JAKARTA - President Joko Widodo has ordered a more in-depth evaluation of the planned release of radical cleric Abu Bakar Bashir, Indonesia's Coordinating Political Legal and Security Minister Wiranto said on Monday (Jan 21).
The announcement, made at a hastily-called press conference, followed Mr Joko's statement on Friday that the government will this week release the firebrand cleric and spiritual leader of South-east Asia terrorist group, Jemaah Islamiah, on humanitarian grounds because of his deteriorating health. The decision has drawn strong criticism both domestically and internationally.
Bashir, 80, was the mastermind behind the 2002 Bali bombings, which killed 202 people.
Mr Wiranto told reporters that the president has asked him to review all aspects of the planned release.
Bashir's family has requested his early release since 2017 because of his poor health.
"President has instructed related officials to immediately conduct a more thorough and comprehensive assessment of the request," said Mr Wiranto.
The announcement has now cast doubt over Bashir's release.
Australian Prime Minister Scott Morrison said Saturday he had been in contact with the Indonesian government over the issue. Australia lost 88 people in the Bali bombings. "Australia's position on this matter has not changed. We've always expressed the deepest of reservations," he told Reuters.
Families of bombing victims also expressed their disappointment that Bashir might be freed.
Mr Muhammad Mahendradatta, one of Bashir's lawyers, underlined that his client was eligible for parole, having served two thirds of his sentence by Dec 13 last year.
Bashir has been in jail since his arrest in 2009 although he was only sentenced in 2011 for his support of a terrorist training camp in Indonesia's westernmost province of Aceh.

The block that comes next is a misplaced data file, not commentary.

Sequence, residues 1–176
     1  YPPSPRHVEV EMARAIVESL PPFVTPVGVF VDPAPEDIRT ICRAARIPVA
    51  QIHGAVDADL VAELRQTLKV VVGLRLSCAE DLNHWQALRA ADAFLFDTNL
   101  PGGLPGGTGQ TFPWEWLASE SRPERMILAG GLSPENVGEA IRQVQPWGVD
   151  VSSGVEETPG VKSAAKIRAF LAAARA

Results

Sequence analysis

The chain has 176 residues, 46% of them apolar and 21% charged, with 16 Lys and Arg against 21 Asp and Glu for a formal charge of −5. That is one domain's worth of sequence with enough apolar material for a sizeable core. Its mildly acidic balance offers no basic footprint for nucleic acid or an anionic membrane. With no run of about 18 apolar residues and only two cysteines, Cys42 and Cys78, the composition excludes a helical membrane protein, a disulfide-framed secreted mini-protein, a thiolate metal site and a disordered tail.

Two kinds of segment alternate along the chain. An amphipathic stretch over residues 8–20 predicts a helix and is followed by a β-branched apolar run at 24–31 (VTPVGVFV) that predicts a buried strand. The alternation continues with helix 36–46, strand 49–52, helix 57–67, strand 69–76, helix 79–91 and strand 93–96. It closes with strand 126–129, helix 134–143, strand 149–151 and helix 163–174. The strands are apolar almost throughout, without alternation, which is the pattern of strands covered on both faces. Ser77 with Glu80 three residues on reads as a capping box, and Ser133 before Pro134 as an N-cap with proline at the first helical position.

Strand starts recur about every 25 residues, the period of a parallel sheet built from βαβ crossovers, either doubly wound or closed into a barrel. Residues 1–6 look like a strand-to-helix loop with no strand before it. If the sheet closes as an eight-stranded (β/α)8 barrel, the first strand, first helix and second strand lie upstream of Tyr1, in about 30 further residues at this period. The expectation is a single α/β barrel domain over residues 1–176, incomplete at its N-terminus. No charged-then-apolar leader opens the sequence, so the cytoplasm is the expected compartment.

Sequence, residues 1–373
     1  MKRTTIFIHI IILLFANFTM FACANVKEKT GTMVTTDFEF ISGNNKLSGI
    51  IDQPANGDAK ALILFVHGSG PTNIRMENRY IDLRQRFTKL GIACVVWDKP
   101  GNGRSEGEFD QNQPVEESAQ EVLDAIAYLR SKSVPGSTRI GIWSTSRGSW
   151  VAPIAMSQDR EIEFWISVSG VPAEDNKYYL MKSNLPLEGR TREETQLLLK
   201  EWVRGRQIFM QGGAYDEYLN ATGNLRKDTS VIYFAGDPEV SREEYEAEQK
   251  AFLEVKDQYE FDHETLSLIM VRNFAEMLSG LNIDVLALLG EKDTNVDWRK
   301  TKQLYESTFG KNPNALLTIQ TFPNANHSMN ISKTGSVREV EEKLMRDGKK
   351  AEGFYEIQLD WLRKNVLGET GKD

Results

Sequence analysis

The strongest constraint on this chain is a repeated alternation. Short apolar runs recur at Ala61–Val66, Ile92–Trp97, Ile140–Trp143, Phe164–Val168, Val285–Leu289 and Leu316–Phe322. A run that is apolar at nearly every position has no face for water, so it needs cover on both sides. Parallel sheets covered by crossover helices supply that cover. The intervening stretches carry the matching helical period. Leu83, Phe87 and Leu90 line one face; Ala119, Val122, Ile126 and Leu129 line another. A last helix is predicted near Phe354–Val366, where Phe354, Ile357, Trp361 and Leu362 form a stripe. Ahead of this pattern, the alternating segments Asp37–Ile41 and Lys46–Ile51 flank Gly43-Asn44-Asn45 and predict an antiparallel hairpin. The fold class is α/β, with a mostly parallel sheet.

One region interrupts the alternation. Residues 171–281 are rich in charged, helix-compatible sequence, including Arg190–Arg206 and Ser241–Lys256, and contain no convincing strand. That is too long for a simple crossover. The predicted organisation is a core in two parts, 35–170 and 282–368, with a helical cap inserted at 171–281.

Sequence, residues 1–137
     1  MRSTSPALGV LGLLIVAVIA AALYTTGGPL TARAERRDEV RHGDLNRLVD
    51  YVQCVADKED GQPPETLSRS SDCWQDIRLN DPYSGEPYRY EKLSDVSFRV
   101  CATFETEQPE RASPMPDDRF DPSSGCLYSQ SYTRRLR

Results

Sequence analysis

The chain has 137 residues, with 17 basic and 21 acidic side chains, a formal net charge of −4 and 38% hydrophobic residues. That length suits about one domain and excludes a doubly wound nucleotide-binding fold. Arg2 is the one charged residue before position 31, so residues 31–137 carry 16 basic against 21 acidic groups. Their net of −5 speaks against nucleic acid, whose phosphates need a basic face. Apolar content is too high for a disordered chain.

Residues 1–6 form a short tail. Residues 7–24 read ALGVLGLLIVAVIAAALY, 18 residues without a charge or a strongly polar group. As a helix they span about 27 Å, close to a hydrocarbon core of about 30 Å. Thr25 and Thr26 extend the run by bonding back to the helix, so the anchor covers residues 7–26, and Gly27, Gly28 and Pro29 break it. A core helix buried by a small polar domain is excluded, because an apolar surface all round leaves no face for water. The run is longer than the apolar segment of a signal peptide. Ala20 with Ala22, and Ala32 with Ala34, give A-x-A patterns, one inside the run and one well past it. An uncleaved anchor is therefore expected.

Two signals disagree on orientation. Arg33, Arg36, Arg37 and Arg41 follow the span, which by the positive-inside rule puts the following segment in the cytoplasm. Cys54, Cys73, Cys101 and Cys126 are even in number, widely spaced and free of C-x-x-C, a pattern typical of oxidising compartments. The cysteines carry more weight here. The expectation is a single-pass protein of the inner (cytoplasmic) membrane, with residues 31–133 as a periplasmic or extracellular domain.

Under prevailing laws, a convict is eligible for a conditional release after serving two thirds of his prison sentence. But Bashir has not been freed, as he has refused to fulfil certain requirements, including signing papers to declare his loyalty to the Indonesian state and the founding principles of Pancasila.
Regional terrorism expert Sidney Jones described the legal grounds of Mr Joko's decision as "murky".
"It is clearly not a pardon, because Bashir never requested a pardon," she wrote in her analysis published by Australian think-tank Lowy Institute.
"It is not an amnesty. It would seem to violate Regulation 99 of 2012 from the Ministry of Law and Human Rights, which makes early release for certain categories of offenders, including convicted terrorists, contingent on their willingness to sign a written loyalty oath to the Indonesian government," wrote Ms Jones, who is also the director of Jakarta-based Institute for Policy Analysis of Conflict.
Speculations have emerged over the political motive behind the plan to release Bashir.
Mr Joko, who is seeking re-election on April 17 , has attempted to boost his Muslim credentials, including picking as his running mate conservative cleric Ma'ruf Amin, formerly the chairman of the Indonesia Ulema Council and former supreme leader of Indonesia's biggest Islamic organisation Nahdlatul Ulama.
The former Jakarta governor has been plagued by accusations, mostly circulating on social media, that he is anti-Islam and a communist.